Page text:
As an alternative to such predefined feature sets, represen-tation learning or feature learning methods [1] learn a high-level representation directly from the training data. Becausethis representation is learned from the training data, it can beoptimized to give a better description of the data. Using thislearned representation as the input for a classification systemmight give a better classification performance than using ageneric set of features.

    Most feature learning methods use unsupervised modelsthat are trained with unlabeled data. While this can be anadvantage because it makes it easier to create a large trainingset, it can also lead to suboptimal results for classification,because the features that these methods learn are not nec-essarily useful to discriminate between classes. Unsupervisedfeature learning tends to learn features that model the strongestvariations in the data, while classifiers need features thatdiscriminate between classes. If the variation between samplesfrom the same class is much stronger than the variationbetween classes, feature learning probably produces featuresthat capture primarily within-class variation. If those featuresdo not represent enough between-class variation, they mightgive a lower classification performance.

    This issue of within-class variation is relevant for manyapplications, including medical image analysis. For example,in disease classification, the differences between patients areoften greater than the subtle differences between disease pat-terns. As a result, representation learners might learn featuresthat model these between-patient differences, rather than thosethat improve classification.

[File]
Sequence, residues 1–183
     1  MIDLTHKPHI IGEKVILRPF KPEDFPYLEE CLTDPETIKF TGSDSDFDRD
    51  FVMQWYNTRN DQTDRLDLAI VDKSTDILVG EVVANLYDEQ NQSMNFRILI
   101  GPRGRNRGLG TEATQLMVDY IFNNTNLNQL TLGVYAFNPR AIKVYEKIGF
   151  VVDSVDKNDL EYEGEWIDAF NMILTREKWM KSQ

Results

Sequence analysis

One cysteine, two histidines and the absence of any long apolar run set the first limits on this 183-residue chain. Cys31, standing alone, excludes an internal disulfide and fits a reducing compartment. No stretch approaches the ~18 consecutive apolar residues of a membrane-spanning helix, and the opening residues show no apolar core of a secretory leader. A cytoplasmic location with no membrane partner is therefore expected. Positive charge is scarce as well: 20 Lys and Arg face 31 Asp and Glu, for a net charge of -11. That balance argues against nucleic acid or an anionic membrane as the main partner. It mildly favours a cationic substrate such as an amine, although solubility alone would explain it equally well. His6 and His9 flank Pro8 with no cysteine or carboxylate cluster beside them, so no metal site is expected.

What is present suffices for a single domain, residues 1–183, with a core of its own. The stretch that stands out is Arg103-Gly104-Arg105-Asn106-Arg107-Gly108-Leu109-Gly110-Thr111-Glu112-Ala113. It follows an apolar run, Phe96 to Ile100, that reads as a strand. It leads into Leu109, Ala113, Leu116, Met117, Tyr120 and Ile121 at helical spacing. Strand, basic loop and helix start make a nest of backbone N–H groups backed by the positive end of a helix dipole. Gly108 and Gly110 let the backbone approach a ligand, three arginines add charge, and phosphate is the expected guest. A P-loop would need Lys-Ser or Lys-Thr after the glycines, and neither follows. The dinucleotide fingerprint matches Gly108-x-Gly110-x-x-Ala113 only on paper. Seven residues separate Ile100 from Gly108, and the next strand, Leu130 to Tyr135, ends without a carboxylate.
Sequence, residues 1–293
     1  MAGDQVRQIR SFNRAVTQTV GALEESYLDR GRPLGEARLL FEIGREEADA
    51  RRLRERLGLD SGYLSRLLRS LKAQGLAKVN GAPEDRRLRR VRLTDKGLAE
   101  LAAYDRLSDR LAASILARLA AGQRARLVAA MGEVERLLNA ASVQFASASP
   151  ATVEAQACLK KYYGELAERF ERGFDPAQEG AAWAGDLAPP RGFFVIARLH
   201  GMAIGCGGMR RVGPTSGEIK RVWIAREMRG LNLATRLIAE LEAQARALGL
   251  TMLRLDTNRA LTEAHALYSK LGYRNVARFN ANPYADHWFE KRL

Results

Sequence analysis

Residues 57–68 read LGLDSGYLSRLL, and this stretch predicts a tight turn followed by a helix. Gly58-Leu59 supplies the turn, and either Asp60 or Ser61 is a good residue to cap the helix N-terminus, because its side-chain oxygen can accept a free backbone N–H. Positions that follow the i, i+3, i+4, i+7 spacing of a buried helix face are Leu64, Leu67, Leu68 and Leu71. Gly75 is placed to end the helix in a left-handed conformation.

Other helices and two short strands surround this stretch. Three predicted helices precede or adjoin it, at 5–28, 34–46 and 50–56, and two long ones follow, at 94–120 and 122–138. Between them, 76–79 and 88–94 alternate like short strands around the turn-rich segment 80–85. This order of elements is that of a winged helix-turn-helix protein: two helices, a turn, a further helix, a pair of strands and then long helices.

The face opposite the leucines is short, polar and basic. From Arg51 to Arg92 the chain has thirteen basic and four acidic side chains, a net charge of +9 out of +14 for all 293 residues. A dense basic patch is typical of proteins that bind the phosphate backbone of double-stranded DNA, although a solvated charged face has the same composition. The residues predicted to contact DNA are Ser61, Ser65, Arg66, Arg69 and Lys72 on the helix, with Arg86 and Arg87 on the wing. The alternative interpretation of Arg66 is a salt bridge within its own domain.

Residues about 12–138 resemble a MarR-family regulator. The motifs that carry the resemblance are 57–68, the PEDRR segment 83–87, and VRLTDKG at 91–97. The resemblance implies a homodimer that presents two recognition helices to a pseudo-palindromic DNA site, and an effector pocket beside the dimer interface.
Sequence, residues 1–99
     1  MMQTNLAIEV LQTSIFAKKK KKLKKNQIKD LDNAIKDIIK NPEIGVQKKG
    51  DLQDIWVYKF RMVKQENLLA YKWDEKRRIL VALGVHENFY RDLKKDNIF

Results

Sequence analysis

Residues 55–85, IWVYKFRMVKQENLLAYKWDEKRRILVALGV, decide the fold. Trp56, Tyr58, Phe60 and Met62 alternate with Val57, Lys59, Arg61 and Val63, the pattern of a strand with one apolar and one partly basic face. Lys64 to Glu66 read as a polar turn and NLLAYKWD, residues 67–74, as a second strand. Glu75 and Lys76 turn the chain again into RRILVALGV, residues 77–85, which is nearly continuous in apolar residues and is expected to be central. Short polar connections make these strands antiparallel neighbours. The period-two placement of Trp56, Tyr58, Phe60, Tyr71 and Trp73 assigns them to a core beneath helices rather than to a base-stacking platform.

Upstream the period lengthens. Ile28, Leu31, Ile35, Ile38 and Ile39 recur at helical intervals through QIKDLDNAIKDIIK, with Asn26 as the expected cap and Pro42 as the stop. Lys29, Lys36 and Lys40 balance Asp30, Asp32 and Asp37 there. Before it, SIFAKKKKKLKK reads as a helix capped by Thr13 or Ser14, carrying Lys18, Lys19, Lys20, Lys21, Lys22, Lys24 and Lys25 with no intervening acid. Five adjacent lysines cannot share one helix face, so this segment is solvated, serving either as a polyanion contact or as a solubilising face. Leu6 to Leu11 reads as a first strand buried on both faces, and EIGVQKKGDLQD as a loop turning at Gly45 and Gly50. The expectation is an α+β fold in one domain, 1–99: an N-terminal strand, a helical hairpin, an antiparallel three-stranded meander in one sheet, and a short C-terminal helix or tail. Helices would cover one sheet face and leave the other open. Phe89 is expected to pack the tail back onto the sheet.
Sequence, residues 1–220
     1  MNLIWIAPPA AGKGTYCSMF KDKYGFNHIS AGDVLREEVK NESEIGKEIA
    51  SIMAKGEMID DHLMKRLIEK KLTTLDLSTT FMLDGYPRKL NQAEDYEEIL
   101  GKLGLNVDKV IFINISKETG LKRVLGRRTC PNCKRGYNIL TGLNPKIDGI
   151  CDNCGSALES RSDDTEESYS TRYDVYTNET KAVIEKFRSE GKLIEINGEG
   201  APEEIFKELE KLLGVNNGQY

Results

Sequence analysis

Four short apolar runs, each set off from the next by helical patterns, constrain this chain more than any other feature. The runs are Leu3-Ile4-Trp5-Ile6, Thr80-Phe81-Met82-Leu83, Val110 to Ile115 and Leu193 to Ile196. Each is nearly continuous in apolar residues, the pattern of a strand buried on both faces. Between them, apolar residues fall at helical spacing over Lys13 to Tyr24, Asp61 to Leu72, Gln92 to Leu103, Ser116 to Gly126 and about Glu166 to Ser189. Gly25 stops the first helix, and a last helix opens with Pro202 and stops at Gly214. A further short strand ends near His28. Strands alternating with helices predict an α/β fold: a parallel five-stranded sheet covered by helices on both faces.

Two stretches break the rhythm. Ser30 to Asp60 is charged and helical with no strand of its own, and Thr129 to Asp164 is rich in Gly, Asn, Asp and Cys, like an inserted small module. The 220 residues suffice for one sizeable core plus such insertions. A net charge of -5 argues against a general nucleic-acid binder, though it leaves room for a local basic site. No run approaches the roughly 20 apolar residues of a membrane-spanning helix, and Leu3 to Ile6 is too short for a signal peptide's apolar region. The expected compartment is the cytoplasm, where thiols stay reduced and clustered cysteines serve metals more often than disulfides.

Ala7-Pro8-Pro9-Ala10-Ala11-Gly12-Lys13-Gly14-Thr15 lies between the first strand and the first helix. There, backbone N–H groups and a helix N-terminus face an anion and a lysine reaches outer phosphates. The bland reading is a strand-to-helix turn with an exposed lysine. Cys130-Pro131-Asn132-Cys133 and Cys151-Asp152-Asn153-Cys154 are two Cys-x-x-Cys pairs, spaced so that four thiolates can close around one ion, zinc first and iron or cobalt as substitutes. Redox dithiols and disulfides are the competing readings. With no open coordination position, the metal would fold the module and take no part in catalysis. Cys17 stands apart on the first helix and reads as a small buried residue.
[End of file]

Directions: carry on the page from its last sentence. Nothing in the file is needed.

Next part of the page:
In this paper we study the restricted Boltzmann machine(RBM), a popular representation learning model, as a wayto learn features that are optimized for classification. Thestandard RBM does not include labels and is trained with anunsupervised, generative learning objective. The classificationRBM [2], an extension of the standard RBM, does includelabel information and can also be trained with a discriminativelearning objective. This discriminative learning objective opti-mizes the classification performance of the classification RBM.The generative and discriminative objectives can be combinedto learn discriminative features that represent the data and areuseful for classification.

    We propose the convolutional classification RBM, whichcombines the classification RBM with the convolutional RBM,another extension of the standard RBM. The convolutional

    This is the author's version of an article that has been published in this journal. Changes were made to this version by the publisher prior to publication.The final version of record is available at

    Copyright (c) 2016 IEEE. Personal use is permitted. For any other purposes, permission must be obtained from the IEEE by emailing [email protected]

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    RBM [3][6] uses the convolutional weight-sharing patternfrom convolutional networks to learn small filters that areapplied to every position in a larger image. This weight sharingmakes learning more efficient and allows the RBM to modelsmall features that occur in multiple areas of an image, whichis useful for describing textures.